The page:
Communications and sensing technologies have transformed the automotive industry. More and more, cars include features and systems to interact with their environment, gaining awareness of the surrounding space, networking with each other and with the infrastructure, and detecting possible sources of danger. We can consider that vehicles have acquired their own “senses”: they know where they are, and can now see, hear, and feel what happens around them.
Fig. 1: Sensors, navigation, and communications: The “senses” of a car.
Automotive sensors are key to improve road traffic safety and reach levels 4 and 5 of autonomous driving. The use of advanced sensor technologies will allow prevention of accidents through warning signals and automated safety functions, and thus reaching the Vision 0 objectives: 0 deaths in traffic accidents by 2050. In this sense, the European Parliament approved in 2019 a law that makes safety features such as intelligent speed assistance, advanced emergency-braking systems, and lane-keeping systems compulsory for all new vehicles as from May 2022 for new models and as from May 2024 for existing models.
Also, safety measures have become increasingly important when buying a car. For this reason, the European New Car Assessment Programme (Euro NCAP) includes since 2020 emergency braking systems in their evaluations. This has forced the industry to increase their efforts and include new detection features in their vehicles.
Different options are available for sensing the environment around a vehicle. Yet, for fully autonomous driving a combination of different sensing technologies will be required to be able to provide full 360° detection. The full system can be seen as the “senses” of a car, providing the means to interact with the surroundings and creating a safety “cocoon.” Each technology has its pros and cons, as listed in table 1 below, so that full autonomous driving will require the combination of different sources, as shown in figure 2.
Table 1: Pros and cons of different sensor technologies for automotive applications.
Fig. 2: ADAS/AD system trend: integration of sensors.
Radar is a well-known technology, which relies on sending and receiving electromagnetic waves to measure, detect and locate obstacles in the environment. Radar is specially indicated for automotive applications, as vehicles are good reflectors for the electromagnetic waves, and thus their distance, position, and velocity can be determined accurately.
In automotive environments, Frequency Modulated Continuous Wave (FMCW) radar is used in different frequency bands, depending on the application. The principle of FMCW radar will be explained in the next radar blog entry. The basic topology of the radar is shown in figure 3. It includes one or more radar MMIC transceivers, connected to a high-performance processing unit (MCU or SoC). The topology and number of chips will depend on the location of the radar module on the vehicle and the application it has to cover, as also shown in figure 4.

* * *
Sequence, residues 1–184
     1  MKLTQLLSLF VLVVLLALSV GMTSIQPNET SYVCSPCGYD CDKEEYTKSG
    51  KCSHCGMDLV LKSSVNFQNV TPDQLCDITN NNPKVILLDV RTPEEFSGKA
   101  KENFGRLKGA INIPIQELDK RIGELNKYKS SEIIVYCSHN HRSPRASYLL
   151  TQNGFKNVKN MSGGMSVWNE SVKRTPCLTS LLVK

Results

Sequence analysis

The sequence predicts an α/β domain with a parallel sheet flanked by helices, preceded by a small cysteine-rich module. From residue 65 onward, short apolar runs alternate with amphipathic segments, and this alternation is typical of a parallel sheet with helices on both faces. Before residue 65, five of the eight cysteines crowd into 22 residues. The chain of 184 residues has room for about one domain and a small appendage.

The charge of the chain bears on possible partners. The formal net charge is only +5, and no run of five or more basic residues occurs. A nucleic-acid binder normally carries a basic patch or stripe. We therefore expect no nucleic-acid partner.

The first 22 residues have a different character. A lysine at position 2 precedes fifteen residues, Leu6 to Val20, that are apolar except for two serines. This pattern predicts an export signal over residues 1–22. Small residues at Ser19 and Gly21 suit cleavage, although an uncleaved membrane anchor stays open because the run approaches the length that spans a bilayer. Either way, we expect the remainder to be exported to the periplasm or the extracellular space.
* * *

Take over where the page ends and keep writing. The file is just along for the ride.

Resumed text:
Fig. 3: Example of radar architecture.
Fig. 4: Combinations for different radar applications.
The International Telecommunications Union (ITU) defines two categories of automotive radar systems, depending on their function:
The types of radar can also be classified depending on the measurement range (figure 5):
Fig. 5: Typical range and Field of View for automotive radar.
To provide 360° coverage, different radar sensors with different functions need to be placed on the car, as in figure 6. The obtained data must be combined to obtain real time accurate information on the surroundings.
Fig. 6: Placement of radar sensors on a car for 360° coverage.
Radar sensors can easily be installed behind common elements of the car, like bumpers or company emblems, so that they are invisible and do not affect the aesthetics. This integration gets easier with higher frequencies of operation, as the size of the antennas, which determines the size of the module, is linearly proportional to the wavelength, and thus inversely proportional to the operating frequency. There used to be four main frequency bands used in automotive radar systems, two in the K-band (around 24GHz) and two in the E-band (between 76 and 81GHz), as depicted in figure 7.
Fig. 7: Frequency bands for automotive radar.
However, the 24GHz bands are to be discontinued due to interference with radio astronomy and earth exploration applications. As an alternative, the frequency band from 76 GHz to 81 GHz has been accepted by most countries as the frequency band for automotive radars. There, 1GHz bandwidth is reserved for LRR (76 to 77GHz), while 4 GHz bandwidth are available for applications requiring better resolution, as summarized in table 2.
Table 2: Typical automotive radar characteristics in the frequency band 76-81 GHz, according to ITU Recommendation ITU-R M.2057-0
The integration of new safety and comfort features in new vehicles has led to a surge in the radar market. Automotive is the fastest growing segment for this market, expected to surpass US$10 billion in 2025, as shown in figure 8.
Fig. 8: Evolution of the radar market. (Source: Yole Report 2020)
If we only consider the radar MMIC transceiver, the market forecast is more than US$1.2 billion, with GaAs technology almost disappearing and CMOS experiencing a rapid growth to become the dominant technology by 2025.
Fig. 9: Evolution of the radar MMIC market per technology. (Source: Yole Report 2020)
Radar modules have become a standard feature in modern vehicles. While they have some disadvantages with respect to other technologies in terms of range resolution, their reliability and versatility make them irreplaceable parts in modern ADAS/AD systems. The shift to higher frequencies from 76 to 81 GHz has brough new technological challenges but make this an exciting field for new developments by the semiconductor sector.